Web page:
Wild rabbits of Jericho Beach: The hares are still there (Photo set)

Let's hang out with some beautiful beach bunnies. Learn more about their place in Vancouver.

Beach bunny
The wild rabbits of Jericho Beach: as mysterious as they are quick. (All photos by Jordan Matthew Yerman)

Surrounded by beach bunnies

The other day I brought my camera down to Jericho Beach to photograph my friends, the wild rabbits. Encouraged by last summer’s wild rabbit photoset, I wanted to expand my rabbit portraiture. However, it took a few visits to amass enough images to satisfy. Where are all the rabbits? With all the construction along Jericho Beach, those with whom I spoke professed a sense of dread: Was the rabbit population displaced? “There just aren't as many here as there were last year,” said the elderly woman, sitting on a bench at Jericho Beach Park, gazing out across the lawn toward the beach.

Behind her, two rabbits sat grazing silently on the tasty, tasty grass. They sensed movement, and in a flash they were gone.

lapine agile

Lapine agile
 

We got the bunnies, honey

Jericho Beach is home to a large and celebrated feral rabbit population. Visiting them is popular with children and grown-ups alike. Jericho Beach is like so many other neighbourhoods in Vancouver: a voiceless community is threatened by development, their way of life in question.

In this case, we’re not talking about condo towers, but a new wharf. The Marginal Wharf was a little too marginal, and the City decided that it had to go.

What would this mean for the rabbits of Jericho Beach?

Rabbits are silent, and they are extremely sensitive to noise, as the relative size of their ears would suggest. The Beach Bunnies hate joggers talking on their phones almost as much as they hate helicopters flying overhead, which perhaps they see as particularly fearsome owls. You can imagine how they’d feel about heavy construction equipment, especially if a bulldozer came anywhere near their ‘hood.

Rabbit behavior: scratching
Just keep it down, will ya?

Or maybe my rabbit friends’ priorities have changed since last summer. You know how it is, you have 17 kids, you can’t just go hang out at the drop of a hat.

No coney is an island

Vancouver Parks Board Chair (and skateboard activist) Sarah Blyth spoke with me about the Jericho Beach renovation project and its impact on the rabbits. “There was concern with the redevelopment [and how it would affect] the bunnies.”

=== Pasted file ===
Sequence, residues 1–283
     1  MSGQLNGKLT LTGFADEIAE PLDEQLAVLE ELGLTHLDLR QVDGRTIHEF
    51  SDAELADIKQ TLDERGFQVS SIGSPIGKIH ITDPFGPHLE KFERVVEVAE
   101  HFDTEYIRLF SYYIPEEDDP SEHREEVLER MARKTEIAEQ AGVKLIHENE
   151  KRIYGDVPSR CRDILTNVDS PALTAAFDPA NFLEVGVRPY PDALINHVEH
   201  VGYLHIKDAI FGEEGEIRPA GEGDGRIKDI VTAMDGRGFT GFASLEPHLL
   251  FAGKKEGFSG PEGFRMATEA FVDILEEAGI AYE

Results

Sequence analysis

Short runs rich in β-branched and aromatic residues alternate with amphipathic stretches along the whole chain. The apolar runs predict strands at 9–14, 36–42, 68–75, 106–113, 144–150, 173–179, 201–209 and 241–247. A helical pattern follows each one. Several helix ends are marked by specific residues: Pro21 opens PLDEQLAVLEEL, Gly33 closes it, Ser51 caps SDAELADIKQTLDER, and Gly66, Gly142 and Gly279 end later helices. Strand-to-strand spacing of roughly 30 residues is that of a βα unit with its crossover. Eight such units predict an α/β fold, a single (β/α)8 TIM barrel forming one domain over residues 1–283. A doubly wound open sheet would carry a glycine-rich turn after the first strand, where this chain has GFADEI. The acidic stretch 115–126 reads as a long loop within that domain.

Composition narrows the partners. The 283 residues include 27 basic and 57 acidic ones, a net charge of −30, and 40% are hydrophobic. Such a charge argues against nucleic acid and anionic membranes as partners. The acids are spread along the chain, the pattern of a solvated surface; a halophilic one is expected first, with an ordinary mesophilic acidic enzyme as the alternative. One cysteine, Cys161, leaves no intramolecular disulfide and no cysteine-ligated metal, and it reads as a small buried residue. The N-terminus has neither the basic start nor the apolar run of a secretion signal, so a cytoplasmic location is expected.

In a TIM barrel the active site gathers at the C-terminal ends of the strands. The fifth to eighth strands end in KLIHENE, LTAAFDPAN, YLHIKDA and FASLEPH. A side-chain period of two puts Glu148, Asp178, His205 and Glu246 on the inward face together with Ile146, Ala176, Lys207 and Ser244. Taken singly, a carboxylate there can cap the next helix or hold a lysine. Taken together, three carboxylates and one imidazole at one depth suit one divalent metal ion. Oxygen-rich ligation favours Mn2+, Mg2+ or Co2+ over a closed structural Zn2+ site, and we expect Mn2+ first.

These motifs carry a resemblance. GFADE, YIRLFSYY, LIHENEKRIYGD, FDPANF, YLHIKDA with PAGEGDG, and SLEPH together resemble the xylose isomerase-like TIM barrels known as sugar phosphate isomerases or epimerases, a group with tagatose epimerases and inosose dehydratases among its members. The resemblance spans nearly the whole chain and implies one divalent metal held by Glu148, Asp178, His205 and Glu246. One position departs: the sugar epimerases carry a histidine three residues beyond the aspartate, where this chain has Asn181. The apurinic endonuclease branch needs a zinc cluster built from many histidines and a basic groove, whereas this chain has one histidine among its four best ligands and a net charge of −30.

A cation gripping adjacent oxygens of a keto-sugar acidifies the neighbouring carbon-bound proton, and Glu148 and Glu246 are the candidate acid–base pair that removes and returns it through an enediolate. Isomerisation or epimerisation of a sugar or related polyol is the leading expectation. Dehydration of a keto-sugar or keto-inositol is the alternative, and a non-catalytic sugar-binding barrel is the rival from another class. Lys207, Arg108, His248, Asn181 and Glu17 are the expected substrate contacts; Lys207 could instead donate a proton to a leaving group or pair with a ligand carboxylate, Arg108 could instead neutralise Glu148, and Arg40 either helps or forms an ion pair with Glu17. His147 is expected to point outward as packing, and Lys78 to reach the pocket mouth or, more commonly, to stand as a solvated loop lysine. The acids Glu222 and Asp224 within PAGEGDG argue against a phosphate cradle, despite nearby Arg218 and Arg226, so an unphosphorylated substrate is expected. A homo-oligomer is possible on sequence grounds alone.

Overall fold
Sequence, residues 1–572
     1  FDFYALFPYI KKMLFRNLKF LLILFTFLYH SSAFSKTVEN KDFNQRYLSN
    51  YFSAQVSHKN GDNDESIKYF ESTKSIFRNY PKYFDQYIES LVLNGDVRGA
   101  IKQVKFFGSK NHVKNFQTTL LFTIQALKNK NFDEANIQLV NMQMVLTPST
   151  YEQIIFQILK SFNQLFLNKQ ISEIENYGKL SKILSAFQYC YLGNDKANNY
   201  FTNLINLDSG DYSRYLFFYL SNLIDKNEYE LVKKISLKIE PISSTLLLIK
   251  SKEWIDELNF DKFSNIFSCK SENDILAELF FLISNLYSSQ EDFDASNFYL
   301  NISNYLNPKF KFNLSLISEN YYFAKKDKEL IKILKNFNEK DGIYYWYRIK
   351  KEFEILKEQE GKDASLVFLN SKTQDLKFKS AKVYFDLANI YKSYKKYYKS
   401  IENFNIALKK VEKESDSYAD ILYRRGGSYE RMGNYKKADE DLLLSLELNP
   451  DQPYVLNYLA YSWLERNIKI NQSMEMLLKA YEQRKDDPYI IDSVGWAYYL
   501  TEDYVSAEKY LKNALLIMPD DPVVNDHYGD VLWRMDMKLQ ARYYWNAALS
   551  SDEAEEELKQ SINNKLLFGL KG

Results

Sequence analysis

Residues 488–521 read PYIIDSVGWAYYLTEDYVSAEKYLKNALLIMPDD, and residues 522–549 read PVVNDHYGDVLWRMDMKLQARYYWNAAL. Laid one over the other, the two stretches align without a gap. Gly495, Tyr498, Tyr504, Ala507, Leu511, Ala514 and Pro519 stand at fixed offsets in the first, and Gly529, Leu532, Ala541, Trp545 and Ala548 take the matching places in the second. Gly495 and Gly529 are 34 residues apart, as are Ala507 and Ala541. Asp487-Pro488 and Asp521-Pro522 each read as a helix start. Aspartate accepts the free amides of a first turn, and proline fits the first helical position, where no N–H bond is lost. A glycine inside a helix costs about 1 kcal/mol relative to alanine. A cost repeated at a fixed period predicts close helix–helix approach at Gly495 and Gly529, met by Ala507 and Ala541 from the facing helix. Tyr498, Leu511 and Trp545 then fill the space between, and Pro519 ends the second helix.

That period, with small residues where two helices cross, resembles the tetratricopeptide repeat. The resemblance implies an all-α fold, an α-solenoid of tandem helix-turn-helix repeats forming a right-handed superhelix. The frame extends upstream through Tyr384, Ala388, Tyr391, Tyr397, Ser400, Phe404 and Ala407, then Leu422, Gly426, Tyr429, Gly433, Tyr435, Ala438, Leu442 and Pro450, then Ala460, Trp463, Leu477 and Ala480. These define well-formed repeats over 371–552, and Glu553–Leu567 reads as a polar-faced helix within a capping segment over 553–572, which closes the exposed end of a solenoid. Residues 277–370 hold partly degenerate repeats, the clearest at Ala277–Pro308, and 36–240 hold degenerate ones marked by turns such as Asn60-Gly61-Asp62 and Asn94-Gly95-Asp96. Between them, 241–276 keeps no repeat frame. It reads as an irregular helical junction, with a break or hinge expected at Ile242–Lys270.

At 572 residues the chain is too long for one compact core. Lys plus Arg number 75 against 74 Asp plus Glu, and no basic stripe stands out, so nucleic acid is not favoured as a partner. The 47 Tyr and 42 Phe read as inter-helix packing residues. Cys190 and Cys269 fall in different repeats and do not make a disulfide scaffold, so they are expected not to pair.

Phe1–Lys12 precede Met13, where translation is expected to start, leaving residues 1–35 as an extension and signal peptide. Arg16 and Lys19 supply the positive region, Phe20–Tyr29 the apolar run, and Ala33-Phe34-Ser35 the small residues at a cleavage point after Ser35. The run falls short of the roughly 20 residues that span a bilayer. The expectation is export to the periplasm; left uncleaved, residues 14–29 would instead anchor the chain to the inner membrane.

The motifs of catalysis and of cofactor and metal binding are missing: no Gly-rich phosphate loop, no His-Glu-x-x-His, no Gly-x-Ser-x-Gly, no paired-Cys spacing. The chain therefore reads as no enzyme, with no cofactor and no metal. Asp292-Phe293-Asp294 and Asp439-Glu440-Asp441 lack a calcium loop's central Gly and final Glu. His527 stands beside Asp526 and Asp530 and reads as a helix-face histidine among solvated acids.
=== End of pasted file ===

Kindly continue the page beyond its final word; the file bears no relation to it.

The City consulted several conservation groups, including the Rabbit Advocacy Group, on how to keep the Jericho Beach rabbit population safe during the renovation process. In an email, Carmina Gooch of the Rabbit Advocacy Group writes, "We had regular meetings with Park development and operations staff throughout the project. Our primary concern was that the habitat, such as the blackberry bushes, would be cut back too much and too fast, leaving the rabbits more vulnerable to predators than they already were. We were notified of planned work and did walk-throughs throughout the stages of the project."

Said Blyth, “We were very, very interested in making sure the bunnies were okay. Safety was at the top of mind during the whole thing.”


I want that in writing.
 

There wasn’t any sort of rabbit cull during the wharf demolition, nor were the rabbits forcibly relocated. Rather, the park's renovation was carried out around the rabbits and their habitat. “We hired a biologist to look at that. […] Everyone was together on the fact that the bunnies were to be okay during the renovations.”

Blyth mentioned that the rabbit population changes based on time of year, and she would know: Blyth takes her son down to Jericho to visit the rabbits all the time. As is often the case with all things fluffy, it’s not really about the kid: “I keep a close eye on the bunnies, because I love them.”

Rabbits are not native to Point Grey, but look, they’re there now, and they have a right to exist. A lot of these Beach Bunnies are abandoned pets, or, as Blyth put it, “apartment-reject bunnies”. Those enamored of rabbits quickly find out what high-maintenance pets they are, and sometimes abandon them to the wild. Those not so enamored of rabbits see them as pests, rapaciously laying waste to precious gardens. Rarely is a creature so simultaneously loved and loathed.

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